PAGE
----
While economists debate whether the US economy will experience a mild short slowdown or a more prolo...
While economists debate whether the US economy will experience a mild short slowdown or a more prolonged recession, there is no debate necessary about whether US companies are in a profits recession. S&P 500 earnings growth estimates for 2001 have fallen over the past eight months from a high of 14% to 0%, with outright earnings declines anticipated in half of the S&P sectors in the next few quarters. This estimate may turn negative as we are faced with another round of negative earnings pre-announcements in March.
With the economy clearly decelerating, earnings growth slowing and overwhelmingly negative newsflow, investors might believe there are few reasons to remain positive on the US. But aggressive easing by the Federal Reserve, proposed tax cuts, accelerating monetary growth, lower mortgage rates and the re-opening of the high yield market should all support the economy in 2001 and put it back on the path to growth in 2002.
Another positive signal is that earnings expectations have become more reasonable and the pace of negative revisions may have slowed after experiencing nearly the worst period in earnings revisions over the past 20 years. Historically, negative earnings revision trends have hit their trough about three months after the Fed's second rate cut and S&P earnings growth has bottomed six to nine months after the second rate cut. This would imply a trough in the second or third quarter of 2001.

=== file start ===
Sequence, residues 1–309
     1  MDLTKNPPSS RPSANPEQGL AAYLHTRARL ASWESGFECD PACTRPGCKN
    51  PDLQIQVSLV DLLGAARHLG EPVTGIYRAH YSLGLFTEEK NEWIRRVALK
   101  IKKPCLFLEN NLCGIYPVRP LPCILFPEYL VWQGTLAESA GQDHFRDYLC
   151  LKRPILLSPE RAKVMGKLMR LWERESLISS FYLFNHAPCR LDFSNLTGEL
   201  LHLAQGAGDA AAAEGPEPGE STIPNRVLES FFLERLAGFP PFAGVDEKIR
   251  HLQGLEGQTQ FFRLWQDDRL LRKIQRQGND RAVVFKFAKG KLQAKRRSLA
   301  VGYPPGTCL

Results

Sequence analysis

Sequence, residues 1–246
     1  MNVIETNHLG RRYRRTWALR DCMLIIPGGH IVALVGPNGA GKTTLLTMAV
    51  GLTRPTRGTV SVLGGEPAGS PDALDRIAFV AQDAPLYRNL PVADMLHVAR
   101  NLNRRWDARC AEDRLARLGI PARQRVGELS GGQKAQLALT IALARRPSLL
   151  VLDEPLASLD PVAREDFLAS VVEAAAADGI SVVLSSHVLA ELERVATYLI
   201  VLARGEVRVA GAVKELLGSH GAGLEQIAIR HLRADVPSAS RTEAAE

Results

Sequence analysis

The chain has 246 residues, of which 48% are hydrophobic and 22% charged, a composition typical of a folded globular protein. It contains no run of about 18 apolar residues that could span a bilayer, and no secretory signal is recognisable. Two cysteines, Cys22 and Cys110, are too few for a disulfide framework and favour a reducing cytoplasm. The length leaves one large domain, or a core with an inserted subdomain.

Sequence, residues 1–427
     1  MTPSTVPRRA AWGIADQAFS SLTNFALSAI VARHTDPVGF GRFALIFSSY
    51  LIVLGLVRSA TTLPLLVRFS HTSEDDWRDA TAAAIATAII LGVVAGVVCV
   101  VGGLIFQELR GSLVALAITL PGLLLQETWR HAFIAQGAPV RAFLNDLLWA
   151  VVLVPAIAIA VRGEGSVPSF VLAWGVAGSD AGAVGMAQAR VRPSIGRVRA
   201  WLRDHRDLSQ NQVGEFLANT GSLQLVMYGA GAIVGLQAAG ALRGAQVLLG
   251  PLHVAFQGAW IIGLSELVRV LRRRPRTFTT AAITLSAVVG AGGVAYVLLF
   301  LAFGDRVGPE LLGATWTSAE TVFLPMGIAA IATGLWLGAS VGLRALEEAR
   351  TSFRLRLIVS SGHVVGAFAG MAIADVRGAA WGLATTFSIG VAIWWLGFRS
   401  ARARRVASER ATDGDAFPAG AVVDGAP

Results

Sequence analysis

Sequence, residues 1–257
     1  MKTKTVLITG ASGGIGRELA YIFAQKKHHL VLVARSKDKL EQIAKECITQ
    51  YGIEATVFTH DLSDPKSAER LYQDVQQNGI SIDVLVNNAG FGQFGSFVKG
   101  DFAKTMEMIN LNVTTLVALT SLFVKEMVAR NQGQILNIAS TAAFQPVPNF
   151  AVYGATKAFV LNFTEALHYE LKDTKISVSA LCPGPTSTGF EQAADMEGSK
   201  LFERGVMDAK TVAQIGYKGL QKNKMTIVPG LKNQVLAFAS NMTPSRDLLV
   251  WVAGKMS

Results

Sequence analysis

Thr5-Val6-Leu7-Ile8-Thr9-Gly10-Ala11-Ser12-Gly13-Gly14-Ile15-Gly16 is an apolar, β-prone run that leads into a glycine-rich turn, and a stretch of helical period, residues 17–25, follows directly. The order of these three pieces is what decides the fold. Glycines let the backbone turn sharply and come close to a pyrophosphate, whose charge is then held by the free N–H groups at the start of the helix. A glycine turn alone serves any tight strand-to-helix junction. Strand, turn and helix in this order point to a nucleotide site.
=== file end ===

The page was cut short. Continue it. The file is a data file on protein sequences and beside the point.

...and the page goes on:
While further estimate cuts may occur, the rate of change in revisions should become more positive and we expect this will mark a bottom in the market.
Another catalyst to watch is the rate at which companies can clear out excess inventory. While companies benefited over the last several years as just-in-time manufacturing and supply-chain management helped reduce costs, these same productivity tools should help reduce the length of time necessary to clear out inventory. Many companies are cutting capital expenditure budgets aggressively, deferring new investment projects and laying off staff.
All of these measures, while painful in the short term, are positive steps towards future earnings growth. Industry leaders use these times to distance themselves from their competitors by re-investing in their business and lowering costs.
We expect the positive catalysts to win, although it is unclear when exactly this will occur during the year. Ultimately interest rate sensitive sectors such as technology will benefit, probably to the detriment of more defensive sectors. Many of these interest rate sensitive stocks may be poised for a rebound, especially companies with proprietary products and clear market leadership that have participated in the market decline to the same extent as companies of lesser quality.
Susan Everly is manager of the Credit Suisse Transatlantic Fund
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